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Portland Real Estate Market Warming?

During the week, a client sent over 14 listings that they were interested in seeing. When I pulled them up this morning, of the 14, only six are still active listings. One is bumpable, one is canceled and the other five are pending sales. The last three offers that we have written for clients have all been against competing offers (two were accepted). This is a narrow slice of the overall market but this was not what we were seeing one, two or three months ago.Portland Real Estate Blog

2 Comments on “Portland Real Estate Market Warming?

  1. First off, what part of town were these in? Some parts of town have remained fairly warm. It’s tough to extrapolate much from this anecdotal evidence.

    Also, I think we have to be realistic about the consequences of the implosion among the subprime mortgage lenders. With 20 subprime lenders going out of business in the last 2 months there will be consequences. Given that about 25% of mortgages in the last two years were subprime and given that lenders are tightening up in the wake of the high default rates these mortgages have had lately, we’ll likely see about 20% of potential buyers removed from the market over the next few months. There were several articles in the Wall St. Journal that covered this last week as well as an article in BusinessWeek:
    http://www.businessweek.com/bwdaily/dnflash/content/feb2007/db20070206_488329.htm?chan=top%20news_top%20news%20index_top%20story

    Then there’s all the ARMs that are resetting upward this year – $1.2Trillion worth (why anyone would get an ARM back in 2004 when interest rates were quite low is beyond me). With the tightening lending standards some folks arene’t able to refi out of their ARMs and that’s leading to a high foreclosure rate in other parts of the country. I’m not sure it’s hitting here yet, but we can’t rule it out.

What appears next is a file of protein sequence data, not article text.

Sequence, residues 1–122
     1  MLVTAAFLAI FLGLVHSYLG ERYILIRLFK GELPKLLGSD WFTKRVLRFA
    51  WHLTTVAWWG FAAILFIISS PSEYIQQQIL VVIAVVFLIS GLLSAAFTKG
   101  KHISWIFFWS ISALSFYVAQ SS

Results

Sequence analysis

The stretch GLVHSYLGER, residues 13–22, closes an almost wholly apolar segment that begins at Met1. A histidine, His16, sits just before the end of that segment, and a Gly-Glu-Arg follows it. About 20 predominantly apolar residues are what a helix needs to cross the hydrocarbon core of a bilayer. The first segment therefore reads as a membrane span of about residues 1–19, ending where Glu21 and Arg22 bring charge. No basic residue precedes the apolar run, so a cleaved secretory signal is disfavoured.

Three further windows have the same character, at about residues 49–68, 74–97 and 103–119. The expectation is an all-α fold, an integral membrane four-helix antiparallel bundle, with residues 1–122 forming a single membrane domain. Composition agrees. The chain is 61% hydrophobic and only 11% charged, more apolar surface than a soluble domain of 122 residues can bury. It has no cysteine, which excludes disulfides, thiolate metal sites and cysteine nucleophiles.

2. As someone who makes about $88K/year, I feel that I’m priced out of the Portland real estate market. I would think that $88K/year is a pretty good salary here – probably well above average for Portland which I think is in the $60K range. Of course, if I were to go to a mortgage broker they would tell me that I could easily afford a $330K home – of course they would use all sorts of exotic mortgage products (ARMS, interst-only, and other new variations) to get me there. But I don’t feel at all comfortable with any of those options. I’d prefer to put 20% down (that’s $60K for a $300K home! not a trivial amount to come up with) and get a 30 year fixed mortgage. The problem seems to be that home prices have been bid up because of all these newer exotic mortgage products which are now blowing up on a lot of borrowers who bought in recent years. Fortunately, now that sanity is returning to the market (people were thinking in 2005 that they’d lose out by not buying immediately, now people are starting to realize that they could get better deals by waiting) I think I’ll have time to save up that 20% downpayment. It might take a year (I’m about 1/2 way there), but that should be just fine given the current climate.

    Anyway, I suspect this isn’t a popular sentiment among real estate agents. At this point, however, you’d think that agents would welcome a cooling off period so that wages could catch up with prices and more potential buyers could acutally afford to buy. As it is now, I think too many people are priced out of the market.

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